Christmas with Victoria

I'm joining Kathy at A Delightsome Life for her Christmas With Victoria Blog Party. Click on her name for lots more Victoria Christmas posts.

I'm sharing an article from Victoria, December 1988. This issue was published the first year Victoria was published.

The article on page 35 "A Winter's Gathering of Swans
Wonderments of the holiday season inspired by the formal grace of swans.
Once a year wonder mists our eyes, and we see the world through the wide eyes of a child at Christmas. A snowfall dusts the evergreens, and we imagine the sugary forests in our first picture book. In shop windows we see the glorious colors and festive bounty of a Dickens tale. A strain of holiday music, and we hear a choir of triumphant angels. And in the faces of loved ones, the glow of good cheer. Come celebrate the wonderments of the holiday with us, and may the spirit of Christmas bless you all.

A Winter's Gathering of Swans
Nearly two centuries ago, Patrick Conway, age 17, wrote in his journal about the beauty of women, likening them to swans. The eloquence of his words and the natural elegance of swans have inspired this gathering, for what could be more spectacular at the holidays than the pure white demeanor of swans or the crystal clarity of t heir image frozen in timeless beauty?

"A beautiful woman, beautifully elegant, impresses us as art does, changes the weather of our spirit..." -Patrick Conway

Swans - "their feathers floating away over the water like the trailing hems of snowy ball gowns..." -P. Conway

To Dance -- Like Swans

"The Swan Lake"
"The Swan Lake" ballet remains dear to our hearts as a classic tale of love triumphing over its eternal foes, jealousy and deception.

The romance tells of Prince Siegfried meeting the swan queen Odette by a lake. Odette laments a magician's spell holding her captive, to be broken only by a faithful lover. Siegfried swears fidelity, but is tricked into betrothal to another. Later realizing his treachery, Siegfried returns to the lake and with Odette, dives into the lake for eternal reunion in the afterworld.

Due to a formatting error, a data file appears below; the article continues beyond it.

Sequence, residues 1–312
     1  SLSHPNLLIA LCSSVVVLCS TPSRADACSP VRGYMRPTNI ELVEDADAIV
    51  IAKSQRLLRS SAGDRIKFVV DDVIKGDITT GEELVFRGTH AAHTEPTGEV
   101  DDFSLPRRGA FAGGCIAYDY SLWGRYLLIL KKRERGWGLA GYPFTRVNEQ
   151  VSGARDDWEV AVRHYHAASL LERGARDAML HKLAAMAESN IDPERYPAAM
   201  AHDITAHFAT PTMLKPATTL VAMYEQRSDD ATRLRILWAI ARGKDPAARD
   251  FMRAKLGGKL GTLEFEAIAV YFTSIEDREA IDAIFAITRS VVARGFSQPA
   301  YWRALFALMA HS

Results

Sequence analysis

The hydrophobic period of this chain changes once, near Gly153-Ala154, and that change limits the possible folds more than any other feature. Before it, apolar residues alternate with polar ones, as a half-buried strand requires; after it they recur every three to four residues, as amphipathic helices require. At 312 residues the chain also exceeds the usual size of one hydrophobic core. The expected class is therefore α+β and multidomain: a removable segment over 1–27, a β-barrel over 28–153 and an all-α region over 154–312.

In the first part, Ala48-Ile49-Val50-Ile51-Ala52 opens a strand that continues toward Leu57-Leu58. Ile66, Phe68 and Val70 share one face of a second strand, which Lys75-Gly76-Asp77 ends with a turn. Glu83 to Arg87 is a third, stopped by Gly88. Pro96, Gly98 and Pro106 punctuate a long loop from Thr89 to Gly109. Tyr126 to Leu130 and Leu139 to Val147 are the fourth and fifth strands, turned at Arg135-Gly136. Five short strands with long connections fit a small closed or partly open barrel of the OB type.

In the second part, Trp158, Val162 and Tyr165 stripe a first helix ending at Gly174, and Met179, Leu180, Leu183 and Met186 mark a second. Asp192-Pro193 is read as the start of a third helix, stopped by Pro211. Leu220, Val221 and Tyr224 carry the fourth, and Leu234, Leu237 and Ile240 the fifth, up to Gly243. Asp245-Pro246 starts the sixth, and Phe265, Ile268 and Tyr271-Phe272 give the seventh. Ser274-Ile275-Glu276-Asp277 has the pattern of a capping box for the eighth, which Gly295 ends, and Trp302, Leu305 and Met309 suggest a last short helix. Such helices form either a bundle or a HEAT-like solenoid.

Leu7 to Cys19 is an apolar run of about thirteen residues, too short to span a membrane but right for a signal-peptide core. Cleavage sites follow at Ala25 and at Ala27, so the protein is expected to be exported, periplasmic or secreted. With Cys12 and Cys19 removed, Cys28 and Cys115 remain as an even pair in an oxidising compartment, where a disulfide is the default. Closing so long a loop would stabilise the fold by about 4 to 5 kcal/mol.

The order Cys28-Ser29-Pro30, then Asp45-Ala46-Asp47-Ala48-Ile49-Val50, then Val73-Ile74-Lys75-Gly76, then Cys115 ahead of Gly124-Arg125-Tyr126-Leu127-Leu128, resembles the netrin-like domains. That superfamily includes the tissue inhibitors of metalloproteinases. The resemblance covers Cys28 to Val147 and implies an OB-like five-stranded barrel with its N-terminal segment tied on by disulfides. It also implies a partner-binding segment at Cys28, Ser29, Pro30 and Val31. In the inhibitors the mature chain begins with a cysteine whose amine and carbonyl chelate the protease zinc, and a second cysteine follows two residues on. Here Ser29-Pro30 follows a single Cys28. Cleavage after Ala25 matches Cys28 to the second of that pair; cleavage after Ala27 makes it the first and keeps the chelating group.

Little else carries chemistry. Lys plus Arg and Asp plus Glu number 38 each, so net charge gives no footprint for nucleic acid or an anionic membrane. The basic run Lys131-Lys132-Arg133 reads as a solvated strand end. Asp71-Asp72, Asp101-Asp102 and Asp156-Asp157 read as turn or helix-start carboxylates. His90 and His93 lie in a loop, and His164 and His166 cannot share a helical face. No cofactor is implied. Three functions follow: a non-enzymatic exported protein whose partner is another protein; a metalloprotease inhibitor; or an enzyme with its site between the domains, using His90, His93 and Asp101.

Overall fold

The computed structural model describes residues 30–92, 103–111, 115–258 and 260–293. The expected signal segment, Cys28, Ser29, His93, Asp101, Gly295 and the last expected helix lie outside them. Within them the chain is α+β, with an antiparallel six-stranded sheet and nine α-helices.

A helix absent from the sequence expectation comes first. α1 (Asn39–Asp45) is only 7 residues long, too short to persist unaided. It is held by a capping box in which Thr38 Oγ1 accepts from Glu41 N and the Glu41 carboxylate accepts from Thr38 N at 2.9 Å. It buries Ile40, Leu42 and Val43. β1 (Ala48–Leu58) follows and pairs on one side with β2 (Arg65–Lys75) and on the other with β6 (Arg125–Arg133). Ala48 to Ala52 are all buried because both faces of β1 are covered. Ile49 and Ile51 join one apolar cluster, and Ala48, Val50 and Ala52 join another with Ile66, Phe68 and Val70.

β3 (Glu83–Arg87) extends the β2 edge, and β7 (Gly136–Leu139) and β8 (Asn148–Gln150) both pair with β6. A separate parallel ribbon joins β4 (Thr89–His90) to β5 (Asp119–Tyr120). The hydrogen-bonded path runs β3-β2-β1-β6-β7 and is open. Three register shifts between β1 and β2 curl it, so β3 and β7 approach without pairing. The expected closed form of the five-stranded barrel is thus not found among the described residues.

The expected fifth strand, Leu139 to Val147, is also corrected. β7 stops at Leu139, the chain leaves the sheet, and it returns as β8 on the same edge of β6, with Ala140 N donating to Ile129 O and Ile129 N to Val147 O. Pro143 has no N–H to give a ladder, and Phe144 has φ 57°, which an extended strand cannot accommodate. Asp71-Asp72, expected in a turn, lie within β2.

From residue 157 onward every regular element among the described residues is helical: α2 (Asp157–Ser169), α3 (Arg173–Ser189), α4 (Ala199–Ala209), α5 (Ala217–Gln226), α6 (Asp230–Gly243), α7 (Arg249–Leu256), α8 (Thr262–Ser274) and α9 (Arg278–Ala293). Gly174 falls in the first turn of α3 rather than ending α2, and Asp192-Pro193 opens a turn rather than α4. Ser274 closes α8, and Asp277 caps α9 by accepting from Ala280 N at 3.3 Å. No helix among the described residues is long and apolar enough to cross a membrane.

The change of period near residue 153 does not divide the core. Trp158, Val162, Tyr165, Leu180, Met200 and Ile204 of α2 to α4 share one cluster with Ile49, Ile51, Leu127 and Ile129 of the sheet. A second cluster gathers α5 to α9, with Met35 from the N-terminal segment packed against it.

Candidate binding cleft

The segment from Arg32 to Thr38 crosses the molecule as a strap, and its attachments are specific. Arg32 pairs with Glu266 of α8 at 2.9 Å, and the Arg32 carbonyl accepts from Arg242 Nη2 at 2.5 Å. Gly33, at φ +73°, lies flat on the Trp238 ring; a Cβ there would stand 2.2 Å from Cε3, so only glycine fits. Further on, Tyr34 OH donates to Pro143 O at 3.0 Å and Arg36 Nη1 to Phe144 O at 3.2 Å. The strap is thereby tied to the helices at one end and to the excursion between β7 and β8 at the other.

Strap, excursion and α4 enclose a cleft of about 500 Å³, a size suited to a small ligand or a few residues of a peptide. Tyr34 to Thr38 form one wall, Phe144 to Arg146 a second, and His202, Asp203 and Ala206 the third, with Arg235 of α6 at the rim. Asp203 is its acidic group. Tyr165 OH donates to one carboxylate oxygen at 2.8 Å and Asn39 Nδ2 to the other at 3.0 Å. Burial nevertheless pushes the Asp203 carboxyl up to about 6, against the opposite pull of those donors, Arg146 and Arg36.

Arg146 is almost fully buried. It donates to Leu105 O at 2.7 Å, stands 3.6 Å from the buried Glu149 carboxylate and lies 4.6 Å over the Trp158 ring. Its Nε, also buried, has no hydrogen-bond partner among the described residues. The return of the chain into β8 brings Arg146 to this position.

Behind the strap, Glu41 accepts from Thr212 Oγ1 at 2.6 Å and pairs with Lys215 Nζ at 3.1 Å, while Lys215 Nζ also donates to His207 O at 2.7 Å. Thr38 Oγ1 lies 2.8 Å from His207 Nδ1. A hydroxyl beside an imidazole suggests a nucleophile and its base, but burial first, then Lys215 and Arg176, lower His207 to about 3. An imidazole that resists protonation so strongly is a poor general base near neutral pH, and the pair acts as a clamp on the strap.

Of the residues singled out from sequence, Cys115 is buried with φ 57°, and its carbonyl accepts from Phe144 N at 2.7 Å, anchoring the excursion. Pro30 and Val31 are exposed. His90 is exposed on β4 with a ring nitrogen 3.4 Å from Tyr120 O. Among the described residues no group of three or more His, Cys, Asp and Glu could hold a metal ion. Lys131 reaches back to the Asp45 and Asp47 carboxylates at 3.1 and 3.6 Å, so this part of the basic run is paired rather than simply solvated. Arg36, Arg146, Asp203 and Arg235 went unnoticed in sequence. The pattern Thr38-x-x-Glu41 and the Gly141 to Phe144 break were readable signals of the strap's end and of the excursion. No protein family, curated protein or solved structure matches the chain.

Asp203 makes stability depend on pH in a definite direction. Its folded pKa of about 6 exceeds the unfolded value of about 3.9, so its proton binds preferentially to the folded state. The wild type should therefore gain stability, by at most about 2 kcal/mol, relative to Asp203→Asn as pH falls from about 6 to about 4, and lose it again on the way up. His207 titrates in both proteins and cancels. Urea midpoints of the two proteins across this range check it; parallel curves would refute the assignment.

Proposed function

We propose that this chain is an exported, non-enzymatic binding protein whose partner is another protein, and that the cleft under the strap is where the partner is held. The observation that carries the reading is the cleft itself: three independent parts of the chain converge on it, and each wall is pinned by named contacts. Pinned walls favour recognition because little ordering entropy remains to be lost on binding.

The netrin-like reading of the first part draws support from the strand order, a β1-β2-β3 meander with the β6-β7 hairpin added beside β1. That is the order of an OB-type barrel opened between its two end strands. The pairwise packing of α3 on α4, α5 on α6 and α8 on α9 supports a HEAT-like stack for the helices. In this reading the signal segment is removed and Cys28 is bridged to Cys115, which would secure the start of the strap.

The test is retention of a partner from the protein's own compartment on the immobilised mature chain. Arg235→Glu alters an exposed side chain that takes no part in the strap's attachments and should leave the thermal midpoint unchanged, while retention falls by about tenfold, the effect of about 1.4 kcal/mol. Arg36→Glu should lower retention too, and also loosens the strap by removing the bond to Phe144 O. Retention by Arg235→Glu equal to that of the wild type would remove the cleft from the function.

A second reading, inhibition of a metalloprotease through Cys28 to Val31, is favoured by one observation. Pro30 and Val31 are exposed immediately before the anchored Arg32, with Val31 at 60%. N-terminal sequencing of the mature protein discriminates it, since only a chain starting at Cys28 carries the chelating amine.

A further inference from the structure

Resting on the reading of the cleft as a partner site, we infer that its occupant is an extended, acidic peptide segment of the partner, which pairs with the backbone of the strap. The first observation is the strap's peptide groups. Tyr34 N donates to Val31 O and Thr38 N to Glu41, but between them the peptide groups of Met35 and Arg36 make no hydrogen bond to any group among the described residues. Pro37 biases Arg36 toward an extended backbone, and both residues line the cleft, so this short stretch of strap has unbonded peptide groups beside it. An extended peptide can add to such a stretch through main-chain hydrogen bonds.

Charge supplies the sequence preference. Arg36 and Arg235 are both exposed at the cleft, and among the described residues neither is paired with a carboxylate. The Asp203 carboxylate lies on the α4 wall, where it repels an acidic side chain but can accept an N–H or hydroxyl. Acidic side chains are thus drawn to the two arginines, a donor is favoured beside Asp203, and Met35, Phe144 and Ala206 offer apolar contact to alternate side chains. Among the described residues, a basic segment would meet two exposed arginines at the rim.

It seems that such a timeless allegory with a virtuoso lead role- two diametric personalities often portrayed by one dancer - must always have been a favorite. Yet when first produced by Moscow Bolshoi in 1877 "Swan Lake" was unpopular.

Not until after the 1893 death of its composer, Tchaikovsky, was new life brought to his earliest work. And not until performance 13 years later by prima ballerina Anna Pavlova, would the full breadth of its poignant drama be realized. Her name became nearly synonymous with The Dying Swan solo - an indelible connection for Pavlova, whose last request was said to be, "Prepare my swan costume."
I hope you enjoyed seeing this article about Swan Lake. Click on any picture to enlarge and read more.

The next two pages are just a little bonus because I thought they were so pretty!

Thanks for hosting, Kathy!

God Bless.



Sarah said...

Katherine, I don't have this issue. Love seeing this beautiful article. ~ sarah

Ann Nichols said...

I so enjoyed reading this! You displayed it so beautifully too! Thanks so much! I am so happy to become your newest follower! Please join me at my history blog -I'd love to have you stop by!
Happy St. Nicholas Day!

Sherry said...

There is nothing more romantic than ballet! Just gorgeous. And I loved it when Victoria would photograph tables with the cloth gathered up and roses and ribbons holding it up. Wonderful images.

marty (A Stroll Thru Life) said...

Beautiful article and super post. Thanks for sharing. Hugs, Marty

Lavender Cottage said...

It is so nice to see the older issues of Victoria when someone like yourself shares the pages within. Kathy has shown a number of them too and I enjoy reading them as much as the current magazine.

Terri said...

Oh I do love the ballet! Especially Swan Lake! Thank you for sharing some of the best of Victoria!

Richard Cottrell said...

Love your blog. Love Victorian. I just started a new blog. This post all about Victorian needlepoint.Please drop by and see it and if you like, pass it on. Thanks,Richard

Sherry said...

What a beautiful post about the ballet. Thank you for sharing the story from this lovely magazine, the older issues are still wonderful to read.

Kathy said...

Quite lovely! I love these types of reminders - I wonder how many women think of themselves as elegant as a swan. I found myself sitting taller as I read this beautiful tribute! That's just one of the many reasons I fell so in love with Victoria - her timeless elegance and reminder of how wonderful it can be to be a woman of excellence. Thank you for joining me in Christmas with Victoria - you've made it all the more special,